Hemmer has paper published in prestigious publication

Hemmer, PhilipDr. Philip Hemmer, a professor in the Department of Electrical and Computer Engineering at Texas A&M University, had a paper published in the prestigious research publication Nature Nanotechnology.

The paper, "Molecular-sized Fluorescent Nanodiamonds," can be found online.

In the paper Hemmer said doping of carbon nanoparticles with impurity atoms is central to their application. However, doping has proven elusive for very small carbon nanoparticles because of their limited availability and a lack of fundamental understanding of impurity stability in such nanostructures. They show that isolated diamond nanoparticles as small as 1.6 nm, comprising only ~400 carbon atoms, are capable of housing stable photoluminescent colour centres, namely the silicon vacancy (SiV). Surprisingly, fluorescence from SiVs is stable over time, and few or only single colour centres are found per nanocrystal. They also observe size-dependent SiV emission supported by quantum-chemical simulation of SiV energy levels in small nanodiamonds. Their work opens the way to investigating the physics and chemistry of molecular-sized cubic carbon clusters and promises the application of ultrasmall non-perturbative fluorescent nanoparticles as markers in microscopy and sensing.

The full listing of authors is as follows: Igor I. Vlasov, Andrey A. Shiryaev, Torsten Rendler, Steffen Steinert, Sang-Yun Lee, Denis Antonov, Márton Vörös, Fedor Jelezko, Anatolii V. Fisenko, Lubov F. Semjonova, Johannes Biskupek, Ute Kaiser, Oleg I. Lebedev, Ilmo Sildos, , Vitaly I. Konov, Adam Gali and Jörg Wrachtrup.

Hemmer joined the engineering faculty at Texas A&M in January 2002. He received his bachelor’s degree from the University of Dayton in 1976 and his Ph.D. in physics from the Massachusetts Institute of Technology in 1984. His interest areas are in solid materials for quantum optics, especially “dark resonance” excitation, materials and techniques for resonant nonlinear optics, phase-conjugate-based turbulence aberration and compensation, spectral hole burning materials and techniques for ultra-dense memories and high temperature operation, quantum computing in solid materials, quantum communication and teleportation in trapped atoms, holographic optical memory materials, smart pixels devices, optical correlators, photorefractive applications, atomic clocks and laser trapping and cooling.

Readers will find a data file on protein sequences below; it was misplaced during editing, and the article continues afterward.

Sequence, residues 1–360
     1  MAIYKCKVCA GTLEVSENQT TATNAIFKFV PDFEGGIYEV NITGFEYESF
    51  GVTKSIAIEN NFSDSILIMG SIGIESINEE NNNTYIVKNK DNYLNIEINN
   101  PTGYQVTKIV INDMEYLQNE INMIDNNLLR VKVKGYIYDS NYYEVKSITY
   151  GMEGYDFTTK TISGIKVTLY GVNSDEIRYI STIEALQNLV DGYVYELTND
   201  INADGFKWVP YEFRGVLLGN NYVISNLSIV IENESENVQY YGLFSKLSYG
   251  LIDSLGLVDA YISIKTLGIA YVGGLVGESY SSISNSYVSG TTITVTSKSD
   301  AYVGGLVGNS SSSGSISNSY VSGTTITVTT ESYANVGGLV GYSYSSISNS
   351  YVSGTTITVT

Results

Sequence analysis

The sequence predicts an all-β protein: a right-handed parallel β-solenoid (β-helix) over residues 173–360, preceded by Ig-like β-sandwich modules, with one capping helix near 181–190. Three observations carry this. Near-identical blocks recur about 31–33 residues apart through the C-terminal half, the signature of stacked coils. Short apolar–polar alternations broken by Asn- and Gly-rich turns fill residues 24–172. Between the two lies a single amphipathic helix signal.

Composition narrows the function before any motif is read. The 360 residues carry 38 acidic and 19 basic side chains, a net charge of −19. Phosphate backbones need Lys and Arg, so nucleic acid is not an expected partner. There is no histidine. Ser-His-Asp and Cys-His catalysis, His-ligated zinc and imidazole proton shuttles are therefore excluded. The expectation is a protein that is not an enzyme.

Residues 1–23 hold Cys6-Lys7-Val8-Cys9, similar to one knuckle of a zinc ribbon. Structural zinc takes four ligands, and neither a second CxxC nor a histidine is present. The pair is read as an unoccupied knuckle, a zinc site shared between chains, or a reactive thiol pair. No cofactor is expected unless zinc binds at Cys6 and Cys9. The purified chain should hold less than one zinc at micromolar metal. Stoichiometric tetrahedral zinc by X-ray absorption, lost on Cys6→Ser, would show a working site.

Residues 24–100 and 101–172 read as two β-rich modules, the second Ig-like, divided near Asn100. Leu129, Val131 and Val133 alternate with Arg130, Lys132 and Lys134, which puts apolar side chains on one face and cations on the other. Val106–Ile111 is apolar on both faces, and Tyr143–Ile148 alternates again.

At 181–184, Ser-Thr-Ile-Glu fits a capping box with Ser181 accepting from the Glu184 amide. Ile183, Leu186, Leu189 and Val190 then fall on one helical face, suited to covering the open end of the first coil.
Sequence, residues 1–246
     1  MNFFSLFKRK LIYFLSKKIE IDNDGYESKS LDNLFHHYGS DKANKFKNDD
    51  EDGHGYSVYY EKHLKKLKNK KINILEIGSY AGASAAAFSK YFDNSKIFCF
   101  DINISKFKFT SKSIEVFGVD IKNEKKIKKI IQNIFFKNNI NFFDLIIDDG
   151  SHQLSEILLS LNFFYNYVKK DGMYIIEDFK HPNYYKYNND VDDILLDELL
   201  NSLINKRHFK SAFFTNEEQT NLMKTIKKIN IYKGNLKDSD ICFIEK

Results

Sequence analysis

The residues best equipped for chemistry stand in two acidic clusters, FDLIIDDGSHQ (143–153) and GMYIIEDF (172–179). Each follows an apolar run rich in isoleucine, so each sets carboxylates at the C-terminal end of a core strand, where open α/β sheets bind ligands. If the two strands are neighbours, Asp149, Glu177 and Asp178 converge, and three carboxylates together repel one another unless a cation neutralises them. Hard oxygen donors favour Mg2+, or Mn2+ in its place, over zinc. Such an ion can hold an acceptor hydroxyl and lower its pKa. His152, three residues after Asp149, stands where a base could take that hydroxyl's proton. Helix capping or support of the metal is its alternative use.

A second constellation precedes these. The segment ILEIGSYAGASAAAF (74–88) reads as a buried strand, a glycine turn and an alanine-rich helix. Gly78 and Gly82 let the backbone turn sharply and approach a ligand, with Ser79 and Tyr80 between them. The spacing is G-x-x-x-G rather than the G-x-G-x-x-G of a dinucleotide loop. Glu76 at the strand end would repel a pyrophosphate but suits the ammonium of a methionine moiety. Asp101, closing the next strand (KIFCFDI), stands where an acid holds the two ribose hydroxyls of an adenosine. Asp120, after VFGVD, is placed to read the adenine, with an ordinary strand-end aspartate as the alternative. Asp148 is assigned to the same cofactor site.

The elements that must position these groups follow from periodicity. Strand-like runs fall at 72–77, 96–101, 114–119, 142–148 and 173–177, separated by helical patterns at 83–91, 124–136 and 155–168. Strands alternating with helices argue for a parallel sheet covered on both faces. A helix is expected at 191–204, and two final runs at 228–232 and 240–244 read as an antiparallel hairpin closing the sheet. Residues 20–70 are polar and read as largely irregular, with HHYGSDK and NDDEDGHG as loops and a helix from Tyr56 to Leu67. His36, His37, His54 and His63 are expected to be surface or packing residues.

Honors include being elected Fellow of the Optical Society of America, receiving the Ruth and William Neely ‘52/Dow Chemical Fellowship, an outstanding faculty award from the electrical and computer engineering department, an NSF fellowship, the Air Force Research Laboratory Chief Scientist’s award and the Air Force Office of Scientific Research Star Team Award three times. He also is a member of the Optical Society of America, S.P.I.E. and American Physical Society.